Become a well-rounded student at Heriot-Watt
“WHAT makes humans special and enable us to be the dominant species on earth is the combination of superior intelligence and consciousness or awareness that we possess. There are no other species that can rival us in either intelligence or awareness,” quips Heriot-Watt University Malaysia senior deputy provost Prof Mushtak Al-Atabi.
“Taking this for granted, education systems for the last couple of centuries evolved to hone our intelligence and cognitive capabilities,” he added.
An expert in positive psychology, HeriotWatt University Malaysia has started to invest in developing its students’ emotional intelligence through various efforts.
This is in line with the university’s aim to develop well-rounded students who are able to realise and fulfil their full potential.
To help students achieve this, the university recently organised its Youth Transformation Programme (YTP).
It was developed to assist SPM/O-Levels graduates in building self-awareness, self-management, social awareness as well as relationship management skills that will set them on the path to success.
Furthermore, these activities will also help participants identify what motivates and interests them, develop a better understanding of their emotions and the roles they play as well as how they impact the people around them.
“We believe that education is the process of inculcating a growth mindset into the individuals. Thomas Friedman in his book Thank You for Being Late mentions that two decades ago, we used to speak of the digital divide – those who have access to technology and those who don’t – as the decisive factor for success. Now that everyone has access to technology, the real divide is the ‘motivational divide’. Success is measured by how much motivation one has to use the technology to be more productive and to learn and develop more.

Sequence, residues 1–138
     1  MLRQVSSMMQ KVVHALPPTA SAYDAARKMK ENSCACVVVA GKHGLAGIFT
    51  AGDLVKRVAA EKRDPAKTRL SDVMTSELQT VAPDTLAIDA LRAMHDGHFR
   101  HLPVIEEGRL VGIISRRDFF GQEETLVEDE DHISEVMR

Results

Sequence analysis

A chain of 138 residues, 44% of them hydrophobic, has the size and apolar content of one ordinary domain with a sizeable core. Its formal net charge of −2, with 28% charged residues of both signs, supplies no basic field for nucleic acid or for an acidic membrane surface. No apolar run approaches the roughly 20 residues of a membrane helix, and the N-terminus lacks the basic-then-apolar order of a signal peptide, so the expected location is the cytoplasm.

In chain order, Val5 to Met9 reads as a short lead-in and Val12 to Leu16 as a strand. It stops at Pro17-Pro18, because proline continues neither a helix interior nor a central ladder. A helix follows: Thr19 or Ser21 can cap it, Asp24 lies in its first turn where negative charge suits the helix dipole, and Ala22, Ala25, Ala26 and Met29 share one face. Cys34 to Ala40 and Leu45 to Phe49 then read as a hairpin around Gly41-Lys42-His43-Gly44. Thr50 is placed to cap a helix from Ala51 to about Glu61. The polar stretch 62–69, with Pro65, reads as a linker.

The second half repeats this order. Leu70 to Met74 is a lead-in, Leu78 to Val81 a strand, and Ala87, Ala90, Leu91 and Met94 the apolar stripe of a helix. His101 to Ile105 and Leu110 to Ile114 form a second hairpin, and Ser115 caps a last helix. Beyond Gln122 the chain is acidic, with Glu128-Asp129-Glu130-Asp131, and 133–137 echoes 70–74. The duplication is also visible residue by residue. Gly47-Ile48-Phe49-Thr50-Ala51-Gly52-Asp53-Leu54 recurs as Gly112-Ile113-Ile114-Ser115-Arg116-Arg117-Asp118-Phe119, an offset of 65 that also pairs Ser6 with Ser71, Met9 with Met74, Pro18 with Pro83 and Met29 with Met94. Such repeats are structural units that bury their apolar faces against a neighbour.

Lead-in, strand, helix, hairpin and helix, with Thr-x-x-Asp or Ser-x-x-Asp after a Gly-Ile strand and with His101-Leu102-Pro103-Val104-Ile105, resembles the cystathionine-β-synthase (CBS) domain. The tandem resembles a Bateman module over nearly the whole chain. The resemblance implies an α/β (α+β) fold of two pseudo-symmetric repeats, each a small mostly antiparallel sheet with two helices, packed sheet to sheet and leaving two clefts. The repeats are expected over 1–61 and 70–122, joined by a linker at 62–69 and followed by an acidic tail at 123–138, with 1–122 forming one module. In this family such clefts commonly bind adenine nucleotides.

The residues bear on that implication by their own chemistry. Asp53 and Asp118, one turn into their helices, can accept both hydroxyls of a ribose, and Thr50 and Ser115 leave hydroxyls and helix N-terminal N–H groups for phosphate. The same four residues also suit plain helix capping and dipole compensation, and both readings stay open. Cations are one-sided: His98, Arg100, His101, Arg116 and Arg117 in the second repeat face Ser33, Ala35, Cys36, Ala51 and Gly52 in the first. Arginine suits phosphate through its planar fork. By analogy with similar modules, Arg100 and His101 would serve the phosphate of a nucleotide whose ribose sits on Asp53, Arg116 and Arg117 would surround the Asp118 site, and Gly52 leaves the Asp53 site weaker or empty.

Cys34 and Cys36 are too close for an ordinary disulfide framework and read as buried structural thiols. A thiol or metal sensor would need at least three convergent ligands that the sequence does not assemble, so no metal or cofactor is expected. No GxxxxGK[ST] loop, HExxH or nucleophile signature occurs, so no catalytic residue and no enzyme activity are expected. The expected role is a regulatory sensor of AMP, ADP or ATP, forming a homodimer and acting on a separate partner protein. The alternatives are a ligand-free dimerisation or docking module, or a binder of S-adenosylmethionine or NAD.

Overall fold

“Our programme will get the participants to learn what motivates them and keeps them engaged, based on the latest findings from neurology and our knowledge of how the human brain works. Participants will also learn about emotions and their roles in what we do and how we impact others,” said Prof Mushtak.
According to YTP participant Abdul Rashid Abd Majid, “The YTP has changed me to become a better person. I used to be introverted and afraid to approach others. However, thanks to this programme, I have learned to overcome this problem and now, I am able to mingle with people. It has also improved my communication and leadership skills.”
For Abdul, one of his biggest lessons learned from YTP is on how to collaborate with others and work together as a team.
He highly recommends this programme to students as this will help prepare them for the university environment.
Speaking of his future plans, Abdul hopes to be able to put these skills he picked up to good use at Heriot-Watt.
“I am planning to pursue my studies in accounting and business finance upon completing Heriot-Watt’s foundation programme. I am confident that my time here will help mould me into a better student in the future,” he said.
Heriot-Watt University Malaysia will be running the YTP from July 3 at its campus, leading up to its July foundation intake.
■ For more information on the programmes and scholarships offered at Heriot-Watt University Malaysia, visit its campus in Putrajaya during its open days on June 17 and 18. Alternatively, log on to www.hw.edu.my, call 030-8894 3888 or e-mail email@example.com.
Heriot-Watt University Malaysia will be running its Youth Transformation Programme (YTP) from July 3, leading up to its foundation intake.
Abdul Rashid Abd Majid credits Heriot-Watt University Malaysia’s Youth Transformation Programme in helping him come out of his shell and learn to effectively communicate with different people.